Drought tolerant , Z5 perennial 6-8" tall ???

wren_garden(zone 5b/6)January 10, 2013

The last 2 Summers we have had unusually long periods of hot dry conditions. I am sure that is the story in many parts of the US. I have 2 raised cinder block (2 blocks high), enclosed beds in the front of the house. It is filled with 32 Daylilies of red, white and pink. With the heat and drought they are not increasing as fast as they could. I need a perennial to mix in with them to fill out the bed, hold the moisture and hold the fort so to speak when the Daylilies are done. Daylilies are not the most attractive when the flowering season is over. The beds are 5 years old. I have tried Lambs Ears,(too invasive they try to smoother the DLs) Penstemon mystica,(did too well, huge and overpowering ) Hosta, ( burnt, even though " sun tolerant" variety) The plant dose not need to flower but should have a different color and texture then the grass green DL foliage. If it flowers it should be a red, white, pink or blue/purple. A very pale yellow would be OK too. Am I asking too much. Is there an annual that would be a better fit. Do I need to surrender to the annuals? Help! It would be greatly appreciated.

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Coreopsis 'Moonbeam' is slightly taller than 6-8" but would suit your 'pale yellow flowers' & other conditions--foliage is lacy/delicate and feathery + it's drought-hardy. Also, 'Helen von Stein' (aka 'Big Ears') lambs' ear is a non-flowering, non-spreading cultivar I've enjoyed the past few years that has year-round appeal with minimal maintenance. I don't water much of anything other than astilbe & hydrangea since it isn't practical so I try to plant things that thrive on neglect but which attract bees, butterlies & hummingbirds.

    Bookmark   January 11, 2013 at 10:31AM
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bev2009(6 IN)

Thanks for the suggestion of "Big Ears", Gardenweed. I had seen this plant at a couple of garden walks last summer and wondered what it was. It looked so much better than my lamb's ear plants, which I plan on taking out this year. Maybe I can find one of the Big Ears at a garden center this year.

    Bookmark   January 12, 2013 at 10:08PM
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wren_garden(zone 5b/6)

Thanks Gardenweed, I have C.Moonbeam in a driveway Daylily bed and it works well. I even looked to see if I could find seeds to spread this workhorse a little faster and cheaper. no luck so far. I have Helen Von Stein in the large back garden. I am slowly replacing the Lambs Ears with Helen as she increases and I can have devisions. She is a bit too wide and stout for the problem in the raised beds.There are some pretty redish Coreopsis that would be nice but there is a hardiness problem. The hunt continues. In the end if I can't find a new choice I will work on getting some more C. Moonbeam.

    Bookmark   January 15, 2013 at 8:19AM
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Wren - C. Moonbeams spreads with division quite well, and if there are any plant exchanges in your area, you might get some there. I often see it fairly inexpensively at some of the nurseries near me.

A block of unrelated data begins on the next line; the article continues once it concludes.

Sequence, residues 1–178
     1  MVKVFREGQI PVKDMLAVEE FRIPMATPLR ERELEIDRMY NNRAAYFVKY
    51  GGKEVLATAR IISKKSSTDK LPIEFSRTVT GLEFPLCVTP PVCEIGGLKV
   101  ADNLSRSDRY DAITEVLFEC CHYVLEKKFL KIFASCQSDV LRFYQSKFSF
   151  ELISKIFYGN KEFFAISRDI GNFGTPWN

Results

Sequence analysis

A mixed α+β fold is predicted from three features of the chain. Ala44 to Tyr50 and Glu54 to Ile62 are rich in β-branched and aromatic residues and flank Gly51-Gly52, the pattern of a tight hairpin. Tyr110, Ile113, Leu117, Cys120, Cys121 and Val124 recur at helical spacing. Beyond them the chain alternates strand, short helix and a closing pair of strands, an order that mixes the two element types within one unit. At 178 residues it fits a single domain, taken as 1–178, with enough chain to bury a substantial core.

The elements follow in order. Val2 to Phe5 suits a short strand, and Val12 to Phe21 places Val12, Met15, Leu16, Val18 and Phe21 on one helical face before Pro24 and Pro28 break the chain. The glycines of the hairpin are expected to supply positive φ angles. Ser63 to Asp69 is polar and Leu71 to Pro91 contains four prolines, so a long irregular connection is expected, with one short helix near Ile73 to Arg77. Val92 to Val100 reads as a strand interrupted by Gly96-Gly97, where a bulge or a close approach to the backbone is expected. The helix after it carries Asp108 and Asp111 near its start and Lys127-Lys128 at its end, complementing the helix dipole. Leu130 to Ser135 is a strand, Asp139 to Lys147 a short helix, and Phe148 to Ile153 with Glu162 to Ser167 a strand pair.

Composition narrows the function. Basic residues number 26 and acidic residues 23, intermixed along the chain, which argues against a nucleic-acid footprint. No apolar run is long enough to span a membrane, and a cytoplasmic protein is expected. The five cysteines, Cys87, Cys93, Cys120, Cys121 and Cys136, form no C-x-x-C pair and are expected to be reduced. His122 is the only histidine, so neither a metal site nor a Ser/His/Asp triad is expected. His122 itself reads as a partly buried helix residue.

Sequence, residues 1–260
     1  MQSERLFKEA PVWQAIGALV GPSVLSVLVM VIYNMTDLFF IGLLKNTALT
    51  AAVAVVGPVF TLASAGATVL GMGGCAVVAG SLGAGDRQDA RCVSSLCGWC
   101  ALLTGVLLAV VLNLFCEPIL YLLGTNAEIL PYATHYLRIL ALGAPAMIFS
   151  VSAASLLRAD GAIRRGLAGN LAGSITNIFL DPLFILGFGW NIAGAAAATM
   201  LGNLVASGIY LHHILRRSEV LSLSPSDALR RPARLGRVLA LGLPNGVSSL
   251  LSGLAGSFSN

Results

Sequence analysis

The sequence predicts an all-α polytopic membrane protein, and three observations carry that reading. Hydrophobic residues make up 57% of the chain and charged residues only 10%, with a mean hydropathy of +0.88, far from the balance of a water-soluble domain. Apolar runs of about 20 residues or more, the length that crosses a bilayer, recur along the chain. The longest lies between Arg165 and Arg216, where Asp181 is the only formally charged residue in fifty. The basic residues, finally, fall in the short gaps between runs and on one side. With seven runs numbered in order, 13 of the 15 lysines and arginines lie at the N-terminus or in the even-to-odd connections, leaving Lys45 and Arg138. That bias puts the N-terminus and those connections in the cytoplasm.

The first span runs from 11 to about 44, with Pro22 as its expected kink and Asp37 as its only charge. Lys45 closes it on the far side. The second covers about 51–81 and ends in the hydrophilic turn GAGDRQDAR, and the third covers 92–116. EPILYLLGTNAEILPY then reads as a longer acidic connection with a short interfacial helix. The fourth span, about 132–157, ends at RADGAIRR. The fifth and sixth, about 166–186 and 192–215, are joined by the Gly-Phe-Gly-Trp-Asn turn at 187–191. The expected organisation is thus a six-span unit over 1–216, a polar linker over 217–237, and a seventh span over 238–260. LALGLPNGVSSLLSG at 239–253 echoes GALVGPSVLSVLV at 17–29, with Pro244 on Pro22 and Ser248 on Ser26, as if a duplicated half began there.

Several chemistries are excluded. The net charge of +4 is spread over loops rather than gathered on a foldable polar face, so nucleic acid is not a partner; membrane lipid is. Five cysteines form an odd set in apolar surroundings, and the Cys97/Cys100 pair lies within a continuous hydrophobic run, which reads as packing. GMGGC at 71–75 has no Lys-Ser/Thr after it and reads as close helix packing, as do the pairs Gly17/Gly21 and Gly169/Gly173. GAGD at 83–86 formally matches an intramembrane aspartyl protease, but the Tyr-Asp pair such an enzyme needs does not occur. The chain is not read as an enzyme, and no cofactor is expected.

Another suggestion that I have found has done well for me in droughty conditions, but doesn't seem to mind some moisture in winter is Penstemon pinifolius, pineleaf Penstemon. I have tried a couple different varieties from High Country Gardens and they have survived well so far in an area that's on a steep SW facing slope that gets no extra moisture other than what mother nature provides. I mulch them with gravel. Different selections have different heights and they seem to be red or yellow. Mine have retained foliage all winter.

You could also look at some of the western Agastaches, which come in various shades of pink, apricot, red, and purplish. Don't cut them back until spring, and mulch them with gravel also since they don't like water sitting around their crowns in winter. Gorgeous in summer, but not too ornamental in winter.

HCG, which carries all of these, is currently getting reorganized after having to close their brick and mortar nurseries, but you can get on their email list for when they have their online catalog up and running. You may get other ideas from their catalog since they specialize in plants with low water needs.

Here is a link that might be useful: High Country Gardens

    Bookmark   January 19, 2013 at 3:00PM
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wren_garden(zone 5b/6)

Thanks NHBabs, I have ordered from High Country Gardens in the past. Good to know that they will stay in business. I grew Penstemon Mystica in that bed before. It was too tall and overpowering. I moved them to the back garden. Love them but they were too happy in that bed,lol. I will look at the Pinitolius varieties you mentioned and the Agastaches too. I may, in the end, Have to thin the Daylilies and make it more of a mixed bed,ouch.

    Bookmark   January 22, 2013 at 9:18AM
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